Navigation and service

GBE Booklets

The Robert Koch Institute's Federal Health Reporting service publishes a series of booklets (Themenhefte) covering specific topics of health reporting.

In addition to these booklets, the RKI publishes focus reports (Schwerpunktberichte), each covering a single health or health-system topic in a detailed and comprehensive manner.

You can either download these booklets as PDF files (German version only, except number 31 and 42) or receive a printed copy by post.

Search results 10 to 18 from a total of 53

Publication 45 "Expenditure and Finance in Healthcare"

The German Health Expenditure Accounts shows the national economy's total annual expenditure on maintaining and restoring the population's health. Germany spends approx. 10.6% of its gross domestic product on health, putting it within the upper third of the countries in the OECD's international comparison. Expenditure per capita is in the middle range of OECD countries. Health spending in Germany totalled €245 billion in 2006.


Publication 44 "Vascular Diseases of the Legs"

Changes in veins in the leg are a widespread phenomenon in the German population: only about 10% of Germans show no abnormalities, 59% against at least spider veins and the like. The remaining 30% of the population have more severe symptoms of chronic venous disorders, such as varicose veins, fluid accumulations or venous leg ulcers. Moreover, an estimated one adult in every thousand suffers a thrombosis and more than 7000 Germans die of pulmonary embolism every year.


Publication 43 "Hypertension"

The main symptom of hypertension is permanently high blood pressure. In the long term this causes damage to the arteries, increasing the risk of side effects and secondary diseases such as stroke and heart attack. The latter still have a significant impact in Germany, restricting quality of life and causing early retirement and/or early death in a large number of people. Because it is so widespread and the treatment costs are so huge, hypertension is classified as an economically significant disease.


Publication 42 "Health consequences of violence"

The high incidence of domestic and public violence affecting women and children, but also men causes considerable health consequences, and more attention should be paid to this issue in medical diagnostics and preventive medicine. Recognizing violence as the cause of physical and psychological problems can help overcome the provision of too much, too little and/or the wrong care for victims. This booklet presents the results of national and international research on the health consequences of violence, paying particular attention to domestic violence against women. It also suggests guidelines and best-practice approaches to assisting the victims of violence.


Publication 41 "Psychotherapeutic healthcare"

By international comparison, the Federal Republic of Germany has a dense, well-developed system of psychotherapeutic healthcare mostly financed by the statutory social insurance systems. It covers the full range of inpatient care (hospitals, clinics), semi-inpatient care (day centres) and outpatient care (surgeries, hospital outpatient departments, advice centres). Since the Psychotherapy Act came into force in 1999, ambulatory care of the mentally ill has been mainly in the hands of medical and psychological psychotherapists.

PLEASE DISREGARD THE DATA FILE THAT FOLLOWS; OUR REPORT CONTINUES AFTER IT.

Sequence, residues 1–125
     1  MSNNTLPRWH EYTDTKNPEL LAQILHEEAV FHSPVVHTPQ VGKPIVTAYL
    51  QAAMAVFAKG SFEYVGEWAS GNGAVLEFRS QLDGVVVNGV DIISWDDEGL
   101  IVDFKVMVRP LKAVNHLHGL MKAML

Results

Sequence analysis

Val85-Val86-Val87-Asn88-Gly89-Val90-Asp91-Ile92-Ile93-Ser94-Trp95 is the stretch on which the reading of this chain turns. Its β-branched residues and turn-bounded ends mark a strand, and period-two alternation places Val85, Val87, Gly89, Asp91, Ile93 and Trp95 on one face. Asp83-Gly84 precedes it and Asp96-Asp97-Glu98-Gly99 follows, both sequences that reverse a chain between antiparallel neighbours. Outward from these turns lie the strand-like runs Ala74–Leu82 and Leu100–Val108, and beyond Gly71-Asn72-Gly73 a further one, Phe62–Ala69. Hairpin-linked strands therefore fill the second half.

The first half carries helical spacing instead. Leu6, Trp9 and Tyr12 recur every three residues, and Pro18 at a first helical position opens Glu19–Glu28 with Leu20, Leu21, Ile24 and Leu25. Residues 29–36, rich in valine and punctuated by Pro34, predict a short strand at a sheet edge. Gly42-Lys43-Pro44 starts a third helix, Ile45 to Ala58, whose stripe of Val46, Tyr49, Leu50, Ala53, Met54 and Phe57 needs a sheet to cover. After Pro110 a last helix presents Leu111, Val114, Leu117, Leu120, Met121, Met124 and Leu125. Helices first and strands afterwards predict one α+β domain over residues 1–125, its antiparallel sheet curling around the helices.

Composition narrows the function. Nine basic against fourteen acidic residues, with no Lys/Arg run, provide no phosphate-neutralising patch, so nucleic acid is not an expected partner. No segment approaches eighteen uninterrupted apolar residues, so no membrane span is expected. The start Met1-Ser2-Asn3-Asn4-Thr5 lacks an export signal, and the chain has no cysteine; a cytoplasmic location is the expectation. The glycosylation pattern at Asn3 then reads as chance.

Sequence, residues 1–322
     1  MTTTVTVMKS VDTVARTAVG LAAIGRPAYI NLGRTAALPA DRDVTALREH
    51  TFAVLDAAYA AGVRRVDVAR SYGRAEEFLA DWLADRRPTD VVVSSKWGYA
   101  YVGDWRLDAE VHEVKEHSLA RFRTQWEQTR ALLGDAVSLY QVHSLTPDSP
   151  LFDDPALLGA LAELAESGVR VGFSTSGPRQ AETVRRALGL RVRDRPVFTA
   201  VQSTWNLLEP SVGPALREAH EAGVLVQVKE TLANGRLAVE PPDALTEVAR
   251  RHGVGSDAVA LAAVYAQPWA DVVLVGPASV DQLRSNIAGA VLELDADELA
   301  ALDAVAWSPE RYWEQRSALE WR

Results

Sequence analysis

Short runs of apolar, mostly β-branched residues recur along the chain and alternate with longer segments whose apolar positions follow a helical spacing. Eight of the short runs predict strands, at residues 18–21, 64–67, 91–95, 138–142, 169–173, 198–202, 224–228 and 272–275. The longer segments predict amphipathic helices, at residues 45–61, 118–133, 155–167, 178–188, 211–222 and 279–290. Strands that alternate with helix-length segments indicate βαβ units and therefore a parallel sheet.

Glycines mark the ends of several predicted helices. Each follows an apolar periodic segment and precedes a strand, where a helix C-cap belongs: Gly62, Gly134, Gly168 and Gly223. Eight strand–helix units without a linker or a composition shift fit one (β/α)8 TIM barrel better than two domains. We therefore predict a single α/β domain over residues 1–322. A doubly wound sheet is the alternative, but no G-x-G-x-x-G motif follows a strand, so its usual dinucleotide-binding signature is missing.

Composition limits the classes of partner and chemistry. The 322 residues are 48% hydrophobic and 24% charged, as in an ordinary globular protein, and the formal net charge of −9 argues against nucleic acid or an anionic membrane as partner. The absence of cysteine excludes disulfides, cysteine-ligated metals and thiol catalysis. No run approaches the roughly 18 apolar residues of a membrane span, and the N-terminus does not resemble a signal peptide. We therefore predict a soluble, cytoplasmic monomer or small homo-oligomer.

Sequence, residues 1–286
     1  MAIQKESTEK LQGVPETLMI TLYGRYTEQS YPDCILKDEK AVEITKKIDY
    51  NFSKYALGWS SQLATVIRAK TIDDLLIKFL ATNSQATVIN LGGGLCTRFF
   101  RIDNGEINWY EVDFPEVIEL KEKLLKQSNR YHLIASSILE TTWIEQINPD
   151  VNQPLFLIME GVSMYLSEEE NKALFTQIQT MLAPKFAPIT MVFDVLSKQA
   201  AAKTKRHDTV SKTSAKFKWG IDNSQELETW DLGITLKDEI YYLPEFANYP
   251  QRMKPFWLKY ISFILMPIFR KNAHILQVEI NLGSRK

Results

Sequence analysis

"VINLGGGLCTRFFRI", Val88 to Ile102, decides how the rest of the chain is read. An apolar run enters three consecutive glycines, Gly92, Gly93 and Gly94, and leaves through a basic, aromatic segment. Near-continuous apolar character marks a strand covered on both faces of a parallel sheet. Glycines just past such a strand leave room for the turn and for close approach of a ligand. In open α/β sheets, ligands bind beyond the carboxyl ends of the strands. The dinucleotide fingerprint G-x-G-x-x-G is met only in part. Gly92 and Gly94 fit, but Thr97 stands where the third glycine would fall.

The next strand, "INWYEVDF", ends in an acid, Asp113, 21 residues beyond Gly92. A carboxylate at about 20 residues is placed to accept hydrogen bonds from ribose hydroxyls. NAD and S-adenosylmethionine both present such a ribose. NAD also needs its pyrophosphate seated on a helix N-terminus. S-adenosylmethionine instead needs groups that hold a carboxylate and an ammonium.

Publication 40 "Alcohol consumption and alcohol-related disorders"

In spite of a declining trend over the last decades, Germany still remains one of the leading countries in the world in per capita alcohol consumption. Risky consumption patterns can already be found in children and adolescents. About 12% of the 12 to 15 year olds and almost half of the 16 to 19 year olds practice risky single occasion drinking once or more per month. Amongst adults between 18 and 59 years old about 22% consume alcohol in such a way that over the long term, physical, mental and social consequences can be expected.


Publication 39 "Urinary Incontinence"

Although a common problem, urinary incontinence is still very much a taboo subject. Furthermore, prejudices are still very widespread, and this makes it more difficult to provide appropriate healthcare services and effective prevention. In both women and men, incontinence can be caused or made worse by a wide range of diseases, as well as by accidents, surgical operations, medication or certain lifestyle and psychosocial factors. In old age there are additional risks such as immobility, functional restrictions and dementia.


Publication 38 "Accidents at work and occupational diseases"

Improved working conditions – including employment and health protection, and corporate and general measures to promote good health at work – are helping to reduce incapacity for work levels, accidents at work, and occupational diseases. Between 1992 and 2003, the number of accidents at work has fallen by almost half from 2.1 million to 1.1 million, and commuting accidents from 260,000 to 200,000. There has been a particularly sharp decline in the number of occupational diseases actually reported – from 190,000 to 65,000.


Publication 37 "Uterine diseases"

Uterine diseases comprise different malign and benign diseases of the uterus and disease patterns with involvement of the uterus. About 28,000 women (incidence data from 2002) per year develop cancer of the corpus of the uterus (about 11,500), cervix (about 6,500), and ovaries (about 9,900). These are about 13.5% of the total estimated cancer incidence in women. Of all women died of cancer in 2004, about 9% died of carcinoma of cervix, the corpus of the uterus, and the ovaries respectively.